Lighting Metropolis recently invited all our partners to an ‘innovation day’, hosted by the City of Malmö, to discuss best-practices and typical traps to avoid. One of the presenters was Jonas Klevhag, Business Coach & Strategist at Innovation Skåne.
We put our questions to him.
LM: Everyone’s talking about innovation right now, why do you think that is?
JK: Innovation is seen as a valuable survival strategy for many organisations. But it’s also becoming a bit of an overused and overhyped word unfortunately. Because like any other trendy word it also risks becoming untrendy at some point, and that would be a real shame. It’s too important for that. The same goes for words like sustainability and diversity, for example.
LM: What’s creativity to you?
JK: Creativity is to have a framework, and then to play constructively with it. An innovative solution must also have a purpose, a vision that is realised. It’s important to allow yourself to make mistakes, as long as you have that vision clear in your mind.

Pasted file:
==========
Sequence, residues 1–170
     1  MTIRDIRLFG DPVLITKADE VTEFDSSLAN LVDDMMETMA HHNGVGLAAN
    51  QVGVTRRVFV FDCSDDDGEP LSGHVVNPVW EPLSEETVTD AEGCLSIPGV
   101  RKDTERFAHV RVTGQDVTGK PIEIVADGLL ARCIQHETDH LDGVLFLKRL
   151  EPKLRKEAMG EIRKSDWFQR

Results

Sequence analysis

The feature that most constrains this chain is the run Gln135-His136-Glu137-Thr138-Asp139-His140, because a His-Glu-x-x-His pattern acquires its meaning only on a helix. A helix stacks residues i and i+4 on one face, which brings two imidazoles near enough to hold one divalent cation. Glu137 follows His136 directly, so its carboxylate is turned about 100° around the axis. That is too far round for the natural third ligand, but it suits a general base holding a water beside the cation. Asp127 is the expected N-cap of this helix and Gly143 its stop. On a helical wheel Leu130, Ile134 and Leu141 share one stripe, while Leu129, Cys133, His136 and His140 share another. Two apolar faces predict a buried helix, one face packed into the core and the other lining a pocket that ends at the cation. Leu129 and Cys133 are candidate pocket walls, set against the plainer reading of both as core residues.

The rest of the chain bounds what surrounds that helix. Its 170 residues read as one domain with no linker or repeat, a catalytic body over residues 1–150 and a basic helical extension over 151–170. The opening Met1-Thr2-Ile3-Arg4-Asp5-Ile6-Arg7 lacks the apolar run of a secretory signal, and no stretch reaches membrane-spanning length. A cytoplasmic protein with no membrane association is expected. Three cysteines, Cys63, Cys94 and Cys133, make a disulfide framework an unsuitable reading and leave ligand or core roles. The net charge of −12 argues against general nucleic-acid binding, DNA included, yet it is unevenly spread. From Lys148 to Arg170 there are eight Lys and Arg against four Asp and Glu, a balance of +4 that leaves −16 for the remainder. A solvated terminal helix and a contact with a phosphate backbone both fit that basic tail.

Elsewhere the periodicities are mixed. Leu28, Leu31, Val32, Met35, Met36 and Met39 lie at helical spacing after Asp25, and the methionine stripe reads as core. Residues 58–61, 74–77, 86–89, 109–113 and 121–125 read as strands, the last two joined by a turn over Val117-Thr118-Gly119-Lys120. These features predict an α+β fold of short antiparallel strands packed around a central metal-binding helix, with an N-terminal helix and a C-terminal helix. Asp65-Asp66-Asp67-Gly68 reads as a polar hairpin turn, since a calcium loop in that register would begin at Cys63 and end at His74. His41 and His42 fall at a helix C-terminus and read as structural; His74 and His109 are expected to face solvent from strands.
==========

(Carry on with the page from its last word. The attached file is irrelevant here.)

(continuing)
LM: Is there in your view a limit to the level of innovation that an organisation can deliver?
JK: The level of innovation for any organisation is partly framed by the time perspective, but equally important is the margins you have to play with. Innovation is a game of calculated risk, and the higher your margins are – the higher the chances of a return on that investment.
LM: What are the typical traps in an innovation process?
JK: Often, the team focuses too much on their obvious competences and declared interests, rather than seeing the potential need value from the perspective of the main stakeholder, i.e. the owner of the actual problem to be solved, then mapping out that potential and what kind of scenario the solution should lead to.
LM: You often refer back to the quantification of value, why is that so important to you?
JK: Because people too often tend to mainly value the originality of the actual idea. But the real value must be the value of that idea when applied. Quantification of value is more rare in public institutions, in my experience. To go a bit further, in terms of innovation, I like to provoke people by suggesting that all employees should spend about 5% of their working time to come up with ideas that make themselves redundant. But, in reality, most organisations tend to create structures that aims to keep status quo.
Jonas Klevhag, Business Coach & Strategist at Innovation Skåne.